The Bay of Shame.

Trip Start Oct 06, 2004
Trip End Ongoing

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Flag of Panama  ,
Monday, January 10, 2005

I guess we've been the entertainment of the week for the other boats sheltering around Linton Island. We the Ignorant Ones. They the pro sailors, or Pro Ones as we call them. We sunbathing on the deck, day in and day out. Unheard of for the Pro Ones, staying at sea for weeks or months at the time. Shade is what you seek then. We the Ignorant Ones, breezing around in our bathtub sized dinghy between the sailboat and surrounding islands, barely floating. Great fun for the Pro Ones. Or when we decided to escape the cabin fever and have a pasta feast on Linton Island. The island turned out to be a protected research area and aggressive Spider monkeys stole our food (obviously been fed by humans before). Hilarious for the Pro Ones.

After six days we have all had enough, we decide to leave our tranquil spot on the most windy day so far and head in the direction of San Blas. Only to return an hour later with the tail between our legs. Soaked in water from the "skyscraper sized" waves. The Pro Ones rolling around on the deck laughing their brains out. Steve suggest we anchor up and hide well into what he calls "The Bay of Shame." Far out of sight of the Pro Ones and their fun seeking binoculars.

The weather doesn't improve, so Lisa and Ben decide to leave the boat on the seventh day, taking a bus back to Panama City (after all it's only a four hours bus ride from the mainland) and instead fly to Cartagena from there. Steve and I decide to wait one more day, hoping for the best. Later in the afternoon, Steve and I decide to leave on the eight day unless the weather improves drastically. We've had enough of the boat life. Mara talks to the Coast Guard in the evening and it doesn't sound promising. Weather wise it's the wrong time of the year and there's no improvements in sight. In addition there's rumors about Tsunami impacts from South-East Asia, although I am not sure I buy into that. Captain Roberto heads off the next morning, our eight day on Lady Kiss, to check other weather sources. When he returns he shakes his head and says Wednesday morning at the earliest. That's two more days sleeping in the muggy bed next to the foul smelling fridge, so we tell the crew that we will also return to Panama City. Richard however has no intentions to leave, he promise to stay until the boat arrives in Cartagena. The captains take it well, and we pay them 40% of the total price for food and lodging. They do however try to make us stay, by promising us that they will try to sail later that afternoon. But we have made up our minds, and are certain that it will take them at least another seven days at the minimum to reach Cartagena.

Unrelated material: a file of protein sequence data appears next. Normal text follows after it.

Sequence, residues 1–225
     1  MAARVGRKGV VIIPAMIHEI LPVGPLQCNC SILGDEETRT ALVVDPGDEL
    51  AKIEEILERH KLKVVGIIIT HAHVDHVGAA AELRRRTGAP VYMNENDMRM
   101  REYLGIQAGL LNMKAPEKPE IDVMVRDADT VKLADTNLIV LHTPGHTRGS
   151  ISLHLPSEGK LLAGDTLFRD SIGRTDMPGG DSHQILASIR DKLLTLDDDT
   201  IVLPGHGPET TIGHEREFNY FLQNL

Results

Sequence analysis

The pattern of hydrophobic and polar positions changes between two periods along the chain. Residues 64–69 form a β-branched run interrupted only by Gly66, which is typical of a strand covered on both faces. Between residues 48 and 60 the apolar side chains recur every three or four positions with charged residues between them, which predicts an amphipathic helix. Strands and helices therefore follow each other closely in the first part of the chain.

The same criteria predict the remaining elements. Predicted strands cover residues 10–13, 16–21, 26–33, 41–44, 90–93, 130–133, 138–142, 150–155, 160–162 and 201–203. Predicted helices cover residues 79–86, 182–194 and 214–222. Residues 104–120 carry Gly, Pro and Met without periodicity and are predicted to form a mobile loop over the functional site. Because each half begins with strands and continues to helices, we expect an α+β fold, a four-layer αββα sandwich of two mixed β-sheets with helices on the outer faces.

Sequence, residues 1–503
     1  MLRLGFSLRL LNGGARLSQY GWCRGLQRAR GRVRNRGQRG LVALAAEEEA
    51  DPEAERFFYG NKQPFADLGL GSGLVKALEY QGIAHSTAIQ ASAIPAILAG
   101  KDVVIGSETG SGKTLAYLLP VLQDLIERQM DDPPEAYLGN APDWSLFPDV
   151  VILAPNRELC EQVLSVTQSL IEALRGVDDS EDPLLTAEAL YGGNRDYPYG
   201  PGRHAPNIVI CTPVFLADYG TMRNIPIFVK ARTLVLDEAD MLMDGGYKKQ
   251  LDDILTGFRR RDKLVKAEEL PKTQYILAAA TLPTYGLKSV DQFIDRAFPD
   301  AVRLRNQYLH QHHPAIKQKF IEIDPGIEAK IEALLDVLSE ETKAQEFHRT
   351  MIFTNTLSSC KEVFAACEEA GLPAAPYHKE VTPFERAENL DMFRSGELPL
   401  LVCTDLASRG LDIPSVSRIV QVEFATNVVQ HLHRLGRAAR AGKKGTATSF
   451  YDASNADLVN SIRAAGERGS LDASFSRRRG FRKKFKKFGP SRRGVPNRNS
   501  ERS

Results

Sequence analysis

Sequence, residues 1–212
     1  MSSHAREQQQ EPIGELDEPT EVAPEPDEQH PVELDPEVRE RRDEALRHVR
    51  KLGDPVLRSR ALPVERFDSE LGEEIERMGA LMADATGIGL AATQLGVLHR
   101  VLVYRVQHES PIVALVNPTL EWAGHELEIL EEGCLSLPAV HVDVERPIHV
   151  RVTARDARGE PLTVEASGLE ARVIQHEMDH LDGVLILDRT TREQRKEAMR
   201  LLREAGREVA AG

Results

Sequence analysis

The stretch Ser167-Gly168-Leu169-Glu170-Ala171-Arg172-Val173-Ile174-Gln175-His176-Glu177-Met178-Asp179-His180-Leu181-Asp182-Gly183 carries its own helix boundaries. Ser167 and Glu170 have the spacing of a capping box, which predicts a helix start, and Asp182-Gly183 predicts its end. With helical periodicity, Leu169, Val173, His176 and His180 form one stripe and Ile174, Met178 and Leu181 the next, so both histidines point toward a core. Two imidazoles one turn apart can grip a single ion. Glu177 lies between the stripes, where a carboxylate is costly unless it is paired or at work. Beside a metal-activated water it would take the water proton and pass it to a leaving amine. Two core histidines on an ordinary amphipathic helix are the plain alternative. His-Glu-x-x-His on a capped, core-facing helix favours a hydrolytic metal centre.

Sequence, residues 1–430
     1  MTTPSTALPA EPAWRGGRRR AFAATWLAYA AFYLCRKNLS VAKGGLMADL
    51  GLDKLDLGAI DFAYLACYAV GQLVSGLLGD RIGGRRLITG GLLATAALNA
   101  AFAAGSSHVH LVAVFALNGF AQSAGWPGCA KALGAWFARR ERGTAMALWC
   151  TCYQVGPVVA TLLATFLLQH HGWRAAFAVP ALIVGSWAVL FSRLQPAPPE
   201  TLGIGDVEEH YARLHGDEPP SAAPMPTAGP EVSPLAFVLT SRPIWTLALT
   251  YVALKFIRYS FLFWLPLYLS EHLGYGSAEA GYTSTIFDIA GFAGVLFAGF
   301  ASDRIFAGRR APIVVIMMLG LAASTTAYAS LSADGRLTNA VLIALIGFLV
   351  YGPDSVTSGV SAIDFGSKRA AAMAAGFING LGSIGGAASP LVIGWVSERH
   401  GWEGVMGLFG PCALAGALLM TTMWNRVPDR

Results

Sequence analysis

We receive an e-mail from both Mara and Richard, they tell us that they made it to Cartagena seven days or so after we left the boat. They don't say much about the weather, but we speak to some Canadian girls who left around the same time. Apparently it was very rough, involving 100% green faces for 48 hours straight. And their boat was 70 foot and not the 44 foot Lady Kiss. So in the end I'm kind of happy that I left the boat, although it sort of feels like a defeat. Well, well.

By leaving the boat I also miss out on the beautiful San Blas archipelago. One of the few must sees I had for Central America. I can still fly there from Panama City, but decide to skip it. I have spent too much time on the boat, as well as money, and just want to get out of Panama. I can always come back I decide. A new continent is awaiting me and I am really exited about the first stop. "Locombia here I come!"
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